Bush can strengthen U.S. alliance
with uncontroversial and inexpensive actions
President George W. Bush comes to office with very low
expectations from the Jewish community.
But he has the opportunity to do many small things — most of which his
“best friend Israel ever had” predecessor, Bill Clinton, never did — that
can strengthen the U.S.-Israel relationship. Of course, he also could
make a few major decisions that could have an even more dramatic effect.
And the best part of the opportunities Bush has is that they have nothing
to do with the peace process and therefore are dependent primarily on
his good will rather than the actions of others.
One of the easy ways for Bush to strengthen the relationship is to expand
existing relations between the American and Israeli government bureaucracies.
Few people are aware that agreements exist between virtually every U.S.
agency and its Israeli counterpart. Frameworks for cooperation, what I
call “Shared Value Initiatives,” cover everything from space research
to education to fire fighting.
The president can encourage the agencies to continue and to expand existing
projects. More important, he could seek small amounts of money for implementing
the bilateral agreements that otherwise become moribund from lack of funding.
The two nations also benefit from several binational foundations that
provide grants for joint research in science, agriculture and commercial
technology. The acronyms BSF, BARD and BIRD may not mean much to most
of you, but they mean thousands — sometimes millions — of dollars to academic
institutions and companies around the country and in Israel.
Nearly 400 American institutions in 47 states, the District of Columbia
and Puerto Rico have received funds from these foundations, which are
financed primarily by the interest on endowments created by both governments
more than 20 years ago. The projects funded have produced dozens of scientific
breakthroughs, many with important practical applications.
An infusion of new money, a few million for each foundation, would have
an exponential impact not only for the recipients here and in Israel,
but to people around the world who benefit from the joint research.
One of Clinton’s few innovations in the U.S.-Israel relationship was
to create the U.S.-Israel Science and Technology Commission. Unfortunately,
after it was announced with some fanfare in 1993, it was neglected and
never fulfilled its potential.
Bush should rejuvenate the USISTC to promote development of agricultural
and environmental technologies and assist in the adaptation of military
technology to civilian production.
Other little-known programs such as the Cooperative Development Research
Program, the Middle East Regional Cooperation Program and the Cooperative
Development Program, which help Israel assist other developing countries,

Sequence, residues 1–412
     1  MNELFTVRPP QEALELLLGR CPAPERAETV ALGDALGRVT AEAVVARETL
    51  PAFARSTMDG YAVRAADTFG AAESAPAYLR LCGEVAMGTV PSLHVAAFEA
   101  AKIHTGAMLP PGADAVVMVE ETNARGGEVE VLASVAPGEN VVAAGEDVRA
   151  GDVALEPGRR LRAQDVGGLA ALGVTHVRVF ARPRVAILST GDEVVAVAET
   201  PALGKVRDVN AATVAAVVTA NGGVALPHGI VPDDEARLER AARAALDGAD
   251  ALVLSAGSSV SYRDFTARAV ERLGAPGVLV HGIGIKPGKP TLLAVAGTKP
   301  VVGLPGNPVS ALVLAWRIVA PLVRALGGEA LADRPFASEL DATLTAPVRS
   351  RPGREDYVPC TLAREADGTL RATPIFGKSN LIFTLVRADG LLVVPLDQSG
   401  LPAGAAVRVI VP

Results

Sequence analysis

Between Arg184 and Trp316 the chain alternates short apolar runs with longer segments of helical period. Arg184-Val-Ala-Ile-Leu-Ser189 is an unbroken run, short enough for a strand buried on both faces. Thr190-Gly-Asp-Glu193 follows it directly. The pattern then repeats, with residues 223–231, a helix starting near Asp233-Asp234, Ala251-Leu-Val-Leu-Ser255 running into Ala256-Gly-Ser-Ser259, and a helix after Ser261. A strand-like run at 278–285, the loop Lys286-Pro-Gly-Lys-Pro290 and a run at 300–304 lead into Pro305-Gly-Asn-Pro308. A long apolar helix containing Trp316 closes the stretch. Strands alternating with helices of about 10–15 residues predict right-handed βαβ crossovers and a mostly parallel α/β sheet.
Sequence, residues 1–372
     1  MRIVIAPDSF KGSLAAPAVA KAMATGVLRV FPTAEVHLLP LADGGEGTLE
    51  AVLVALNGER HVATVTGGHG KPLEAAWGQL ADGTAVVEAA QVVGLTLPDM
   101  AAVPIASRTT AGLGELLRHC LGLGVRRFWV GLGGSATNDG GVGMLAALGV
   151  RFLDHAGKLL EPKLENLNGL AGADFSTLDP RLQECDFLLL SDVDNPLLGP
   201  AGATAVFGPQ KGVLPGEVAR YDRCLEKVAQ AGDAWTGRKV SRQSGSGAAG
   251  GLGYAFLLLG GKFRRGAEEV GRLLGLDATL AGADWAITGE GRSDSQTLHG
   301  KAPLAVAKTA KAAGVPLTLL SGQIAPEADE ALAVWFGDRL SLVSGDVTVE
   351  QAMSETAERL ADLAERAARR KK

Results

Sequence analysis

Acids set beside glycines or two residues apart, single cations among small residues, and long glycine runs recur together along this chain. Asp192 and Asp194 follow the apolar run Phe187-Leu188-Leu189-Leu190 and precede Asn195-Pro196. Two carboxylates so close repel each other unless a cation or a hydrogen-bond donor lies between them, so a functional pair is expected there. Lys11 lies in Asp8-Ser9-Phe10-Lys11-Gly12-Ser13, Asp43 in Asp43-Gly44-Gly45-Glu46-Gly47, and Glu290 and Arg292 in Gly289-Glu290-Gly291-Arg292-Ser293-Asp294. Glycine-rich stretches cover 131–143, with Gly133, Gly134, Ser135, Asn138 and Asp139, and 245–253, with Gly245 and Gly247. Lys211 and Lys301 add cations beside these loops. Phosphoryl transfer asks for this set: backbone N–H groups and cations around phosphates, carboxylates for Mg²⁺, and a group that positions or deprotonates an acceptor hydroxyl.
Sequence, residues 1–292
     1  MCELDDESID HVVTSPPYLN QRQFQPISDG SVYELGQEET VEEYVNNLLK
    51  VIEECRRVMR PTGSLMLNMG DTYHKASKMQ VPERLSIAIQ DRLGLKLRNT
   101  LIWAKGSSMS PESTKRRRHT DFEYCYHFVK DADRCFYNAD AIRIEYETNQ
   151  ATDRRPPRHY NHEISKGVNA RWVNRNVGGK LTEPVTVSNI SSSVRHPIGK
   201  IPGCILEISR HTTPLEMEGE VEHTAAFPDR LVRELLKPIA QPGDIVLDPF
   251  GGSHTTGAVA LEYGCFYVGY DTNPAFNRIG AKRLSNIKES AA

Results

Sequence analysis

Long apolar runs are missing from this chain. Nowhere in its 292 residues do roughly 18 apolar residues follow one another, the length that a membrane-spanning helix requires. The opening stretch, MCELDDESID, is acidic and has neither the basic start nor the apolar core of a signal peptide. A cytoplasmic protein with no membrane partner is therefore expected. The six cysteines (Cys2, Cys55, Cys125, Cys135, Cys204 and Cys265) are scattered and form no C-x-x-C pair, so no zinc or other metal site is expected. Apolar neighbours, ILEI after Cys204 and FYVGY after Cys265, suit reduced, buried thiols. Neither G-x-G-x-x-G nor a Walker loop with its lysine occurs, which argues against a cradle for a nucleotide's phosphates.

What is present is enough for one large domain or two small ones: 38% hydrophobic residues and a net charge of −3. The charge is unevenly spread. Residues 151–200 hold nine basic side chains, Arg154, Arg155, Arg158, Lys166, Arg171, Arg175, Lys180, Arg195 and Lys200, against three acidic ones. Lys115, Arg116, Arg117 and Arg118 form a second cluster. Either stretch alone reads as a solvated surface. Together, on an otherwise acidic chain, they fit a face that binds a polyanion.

are also important to the overall goals of the United States and should
be continued and strengthened.
These types of programs are vital to the overall relationship and demonstrate
the depth and breadth of a friendship rooted in the values our nations
The other pillar in the alliance is our common interests. This administration,
which is far more strategically-minded than its predecessor, should be
especially appreciative of Israel’s role in the Middle East as the most
reliable supporter of American national security concerns.
Bush can help Israel fulfill this role, as well as give it the confidence
it needs to make the sacrifices for peace that will no doubt also be expected,
by enhancing the level of strategic cooperation.
The United States and Israel already have a series of cooperative arrangements
that make Israel something just short of a formal ally. Before Clinton
left office, negotiations were being conducted to move a little closer
to a formal alliance, but the talks foundered because of the U.S. side’s
reluctance. I hope Bush will renew these talks and finally recognize Israel
as a full ally with all the rights and obligations that entails.
Just before he left the White House, Clinton also told Israel that he
would recommend allowing Israel to buy America’s most sophisticated fighter
plane, the F-22. This “next generation” aircraft will not even be available
to the U.S. Air Force until 2005. Bush should implement this recommendation.
Earlier, Israel agreed to a reduction in economic aid in exchange for
increases in military assistance. Everyone recognizes that Israel no longer
has the same need for economic assistance it once did.
But the necessity for Israel to maintain its qualitative military advantage,
combined with the cost of hardware (one F-22, for example, costs $85 million),
makes it vital that the U.S. provide greater aid to make Israel’s arms
purchases (most of which are made from U.S. contractors) possible.
For all the credit given to Clinton during his term, he did little to
strengthen U.S.-Israel ties in the long-term. By action on these suggestions,
most of which cost little and are uncontroversial, Bush can be the one
who truly leaves a lasting positive legacy on the special relationship.